In the previous entry I suggested that the Tang Dynasty administrator, Gao Pian, may have been responsible for transforming a local spirit into the spirit of an historical figure, Cao Lỗ. While I was guessing that this is what might have happened, the case of the spirit of Lý Ông Trọng suggests this much more clearly.

This is what the Đại Việt sử ký toàn thư records about Lý Ông Trọng (the same information appears in a bit more detail in the Việt điện u linh tập).


The [King of] Qin annexed six kingdoms and declared himself August Emperor. At that time, Lý Ông Trọng, a man from Từ Liêm [District] in Our Giao Chỉ/Jiaozhi was two trượng and three thước tall. When he was still young he went to a town to labor. He was flogged by a senior official and then went to serve the Qin, where he was eventually promoted to metropolitan commandant. When the First Emperor obtained All Under Heaven, he had [Lý Ông Trọng] lead troops to garrison Lintao and awe the Xiongnu. When [Lý Ông Trọng] became old, he returned to his village and died. The First Emperor found him to be an extraordinary man. He had [Lý Ông Trọng’s] image cast in bronze and placed at the Outer Palace Gate in Xianyang. It could hold several tens of men, who would secretly rock it back and forth. The Xiongnu believed that it was the living commandant, and dared not trespass.

During the Tang, Protector-General of Giao Region Zhao Chang would often dream at night of talking with Ông Trọng about the Spring and Autumn Annals and Master Zuo’s Commentary. He then visited [Lý Ông Trọng’s] old residence and found that it was there. He had a shrine set up and made an offering. Later, at the time when King Gao [i.e., Gao Pian] defeated Nanzhao, [Lý Ông Trọng’s spirit] often responded by assisting with the submission [of rebels]. King Gao had the shrine renovated, and an image carved in wood and erected there, which he called Commandant Lý. His spirit shrine is in Thụy Hương Community, Từ Liêm District.


Does it seem strange that someone from the area of the Red River delta would go all the way off to fight the Xiongnu, a nomadic people who lived to the north of what is today China? Of course it is strange, because it is not true. Instead, this is a Chinese legend which Zhao Chang probably “imported” into the region.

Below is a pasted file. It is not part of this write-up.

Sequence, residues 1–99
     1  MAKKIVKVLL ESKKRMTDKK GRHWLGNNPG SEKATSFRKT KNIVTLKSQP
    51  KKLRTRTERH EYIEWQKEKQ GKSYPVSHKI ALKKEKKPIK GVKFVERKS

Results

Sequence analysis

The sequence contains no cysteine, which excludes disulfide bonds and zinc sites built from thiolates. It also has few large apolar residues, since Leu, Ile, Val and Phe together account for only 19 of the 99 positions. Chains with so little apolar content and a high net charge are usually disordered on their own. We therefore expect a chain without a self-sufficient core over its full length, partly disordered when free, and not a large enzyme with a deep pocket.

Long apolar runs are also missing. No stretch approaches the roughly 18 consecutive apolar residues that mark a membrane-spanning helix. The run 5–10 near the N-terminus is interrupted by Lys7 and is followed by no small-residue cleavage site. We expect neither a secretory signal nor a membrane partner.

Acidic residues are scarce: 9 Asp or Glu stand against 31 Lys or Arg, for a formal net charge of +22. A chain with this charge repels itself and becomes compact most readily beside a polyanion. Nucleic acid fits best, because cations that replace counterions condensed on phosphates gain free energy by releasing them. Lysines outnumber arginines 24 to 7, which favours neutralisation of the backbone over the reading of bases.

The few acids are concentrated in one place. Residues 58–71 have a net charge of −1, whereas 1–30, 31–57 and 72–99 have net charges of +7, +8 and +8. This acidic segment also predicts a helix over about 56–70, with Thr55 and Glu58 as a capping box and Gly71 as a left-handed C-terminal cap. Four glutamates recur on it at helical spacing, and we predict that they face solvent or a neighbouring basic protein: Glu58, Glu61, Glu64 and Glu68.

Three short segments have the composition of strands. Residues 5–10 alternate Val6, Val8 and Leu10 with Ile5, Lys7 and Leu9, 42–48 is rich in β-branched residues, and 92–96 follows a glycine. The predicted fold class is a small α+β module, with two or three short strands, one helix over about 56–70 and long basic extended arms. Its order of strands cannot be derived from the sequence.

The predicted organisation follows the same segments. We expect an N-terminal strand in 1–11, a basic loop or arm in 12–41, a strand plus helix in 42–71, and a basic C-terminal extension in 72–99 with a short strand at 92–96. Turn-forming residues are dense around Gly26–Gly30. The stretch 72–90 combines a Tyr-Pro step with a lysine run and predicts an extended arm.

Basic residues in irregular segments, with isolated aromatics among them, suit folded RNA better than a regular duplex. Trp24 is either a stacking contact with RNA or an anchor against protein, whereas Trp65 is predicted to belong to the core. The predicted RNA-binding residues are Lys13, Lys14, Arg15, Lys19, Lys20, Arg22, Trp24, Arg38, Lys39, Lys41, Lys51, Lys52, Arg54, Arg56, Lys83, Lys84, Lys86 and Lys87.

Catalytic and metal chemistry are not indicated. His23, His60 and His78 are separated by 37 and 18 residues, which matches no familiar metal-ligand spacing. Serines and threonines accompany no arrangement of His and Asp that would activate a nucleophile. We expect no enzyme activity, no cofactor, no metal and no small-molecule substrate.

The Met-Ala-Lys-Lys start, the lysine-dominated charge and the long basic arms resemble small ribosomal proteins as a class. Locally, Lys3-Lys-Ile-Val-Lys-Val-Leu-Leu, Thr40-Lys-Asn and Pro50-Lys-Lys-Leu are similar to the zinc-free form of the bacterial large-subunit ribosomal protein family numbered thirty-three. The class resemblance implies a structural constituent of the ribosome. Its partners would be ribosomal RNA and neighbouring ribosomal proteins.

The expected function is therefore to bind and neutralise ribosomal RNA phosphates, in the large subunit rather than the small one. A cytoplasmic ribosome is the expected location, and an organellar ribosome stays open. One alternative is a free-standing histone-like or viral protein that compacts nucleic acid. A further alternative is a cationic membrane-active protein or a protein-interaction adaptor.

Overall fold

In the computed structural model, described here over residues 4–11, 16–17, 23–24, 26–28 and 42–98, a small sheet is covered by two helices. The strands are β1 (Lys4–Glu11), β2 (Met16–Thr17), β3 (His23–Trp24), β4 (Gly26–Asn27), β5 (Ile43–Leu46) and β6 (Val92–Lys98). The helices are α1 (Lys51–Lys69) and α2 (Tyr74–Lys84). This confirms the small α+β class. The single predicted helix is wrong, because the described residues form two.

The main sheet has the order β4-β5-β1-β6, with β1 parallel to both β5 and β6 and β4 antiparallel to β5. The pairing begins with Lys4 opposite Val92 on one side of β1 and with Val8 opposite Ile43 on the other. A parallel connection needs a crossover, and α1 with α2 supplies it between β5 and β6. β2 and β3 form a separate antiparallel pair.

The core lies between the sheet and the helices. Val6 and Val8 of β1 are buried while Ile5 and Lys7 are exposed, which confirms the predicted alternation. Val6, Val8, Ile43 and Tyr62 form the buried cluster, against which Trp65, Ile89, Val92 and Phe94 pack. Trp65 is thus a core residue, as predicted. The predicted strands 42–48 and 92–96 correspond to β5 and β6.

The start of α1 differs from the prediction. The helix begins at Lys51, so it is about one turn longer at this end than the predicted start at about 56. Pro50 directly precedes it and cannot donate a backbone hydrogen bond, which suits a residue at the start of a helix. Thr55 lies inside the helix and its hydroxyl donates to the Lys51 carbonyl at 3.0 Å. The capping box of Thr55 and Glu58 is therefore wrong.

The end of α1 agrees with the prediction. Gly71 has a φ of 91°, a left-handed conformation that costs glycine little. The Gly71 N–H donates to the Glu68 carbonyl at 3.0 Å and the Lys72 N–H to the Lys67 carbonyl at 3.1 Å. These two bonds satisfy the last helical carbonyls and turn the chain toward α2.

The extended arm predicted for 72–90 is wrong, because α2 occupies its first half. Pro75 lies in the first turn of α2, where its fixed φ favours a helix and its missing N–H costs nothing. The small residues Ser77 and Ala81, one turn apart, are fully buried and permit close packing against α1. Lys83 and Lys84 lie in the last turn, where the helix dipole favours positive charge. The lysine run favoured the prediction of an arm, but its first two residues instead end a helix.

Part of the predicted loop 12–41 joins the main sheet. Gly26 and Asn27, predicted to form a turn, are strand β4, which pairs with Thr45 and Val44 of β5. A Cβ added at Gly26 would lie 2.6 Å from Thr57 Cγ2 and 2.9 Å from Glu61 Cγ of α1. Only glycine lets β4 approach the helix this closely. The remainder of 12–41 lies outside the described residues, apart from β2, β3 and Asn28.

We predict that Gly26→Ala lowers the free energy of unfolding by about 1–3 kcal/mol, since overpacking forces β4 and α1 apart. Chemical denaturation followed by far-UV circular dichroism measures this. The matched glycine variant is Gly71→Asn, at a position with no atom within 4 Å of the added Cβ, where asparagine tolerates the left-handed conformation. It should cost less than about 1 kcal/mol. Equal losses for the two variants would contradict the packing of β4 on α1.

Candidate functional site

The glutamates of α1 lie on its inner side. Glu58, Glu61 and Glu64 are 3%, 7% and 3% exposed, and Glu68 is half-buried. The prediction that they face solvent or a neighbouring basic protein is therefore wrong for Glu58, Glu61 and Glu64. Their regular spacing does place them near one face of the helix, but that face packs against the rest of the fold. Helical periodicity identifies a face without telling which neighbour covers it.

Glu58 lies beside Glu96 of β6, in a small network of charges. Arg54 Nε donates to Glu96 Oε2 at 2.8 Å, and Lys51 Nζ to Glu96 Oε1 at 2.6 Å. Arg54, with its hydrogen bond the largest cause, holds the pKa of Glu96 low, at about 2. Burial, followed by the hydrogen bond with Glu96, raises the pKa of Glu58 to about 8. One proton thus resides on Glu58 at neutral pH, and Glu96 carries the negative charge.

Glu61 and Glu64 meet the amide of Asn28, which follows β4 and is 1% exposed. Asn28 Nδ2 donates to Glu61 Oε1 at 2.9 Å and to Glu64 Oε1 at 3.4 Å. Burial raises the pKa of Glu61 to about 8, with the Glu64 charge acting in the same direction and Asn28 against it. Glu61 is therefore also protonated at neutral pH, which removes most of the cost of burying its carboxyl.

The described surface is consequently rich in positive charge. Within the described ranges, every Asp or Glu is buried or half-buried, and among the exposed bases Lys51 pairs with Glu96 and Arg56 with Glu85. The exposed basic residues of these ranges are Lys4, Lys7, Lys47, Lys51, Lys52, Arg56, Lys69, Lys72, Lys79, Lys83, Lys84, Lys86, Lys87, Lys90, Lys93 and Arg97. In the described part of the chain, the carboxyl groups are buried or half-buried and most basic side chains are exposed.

There are a few references in early Chinese historical records about the Qin emperor casting huge bronze statues. From these few references many different concepts or traditions developed. For one, statues placed outside of graves came to be called “Ông Trọng/Wengzhong.” Second, a legend about “Ông Trọng/Wengzhong” developed, only he was not surnamed Lý, but Ruan.

During the period of the Ming Dynasty, Peng Dayi 彭大翼 (1552-1643) recorded the following story about Ruan Wengzhong in his encyclopedia, Reckless Investigations from a Mountain Hall (山堂肆考, Shantang sikao, 149/1b):


“Wengzhong’s surname was Ruan. He was one trượng and two thước tall. When he was young, he was a low-level district official and was flogged by a local inspector. He exclaimed, ‘Does one have to be like this?’ He then devoted himself to study. When the First Emperor of the Qin annexed All Under Heaven, he had Wengzhong lead troops to garrison Lintao and awe the Xiongnu. The people of the Qin found him to be auspicious. After Wengzhong died, a bronze image was cast and placed outside the Outer Palace Gate in Xianyang.”

Not only is the content here similar, some of the wording is identical as well. Coming from a Ming encyclopedia, this passage must have originated in earlier texts. This is a legend which had probably long been in circulation.

That is then what makes the information in the Đại Việt sử ký toàn thư about Zhao Chang so fascinating. Did Zhao Chang really dream about Ông Trọng/Wengzhong? The story in the Đại Việt sử ký toàn thư does not say anything about Ông Trọng/Wengzhong being educated. This Chinese version, however, makes it clear why Ông Trọng/Wengzhong would have been able to talk about the Spring and Autumn Annals and Master Zuo’s Commentary, as he had “devoted himself to study” for a period of time. So perhaps Zhao Chang did actually dream about him.

Why, however, would Zhao Chang have felt that Ông Trọng’s/Wengzhong’s old residence was in the area? There does not appear to be anything in this legend to suggest that. This is where I think the idea that Chinese administrators might have created some cults in the region makes sense.

This passage makes me wonder if perhaps it was the case that Zhao Chang built a shrine to Ông Trọng/Wengzhong at a place where some other spirit was already being worshipped. This was a very common practice across the Chinese world at the time. Local officials would take over a “heterodox” shrine and get the people to worship in its place an “orthodox” spirit, which was usually an upright historical figure. Perhaps this is what Zhao Chang did. He used the figure of Ông Trọng/Wengzhong, about whom perhaps he had dreamed (we can’t say for sure), and created a new shrine for him to get people to turn away from the worship of a “heterodox” spirit.

As for Gao Pian, did Ông Trọng’s/Wengzhong’s spirit really assist him? Or was this a story which Gao Pian told in order to get people to believe in the power of a spirit which supported Gao Pian, and to thereby get the people to support Gao Pian as well?

Whatever conclusions people draw about all of this, the one point which is clear is that Lý Ông Trọng was not originally “Vietnamese.” His status as a “Vietnamese” spirit and a figure of “Vietnamese” history is clearly an invention.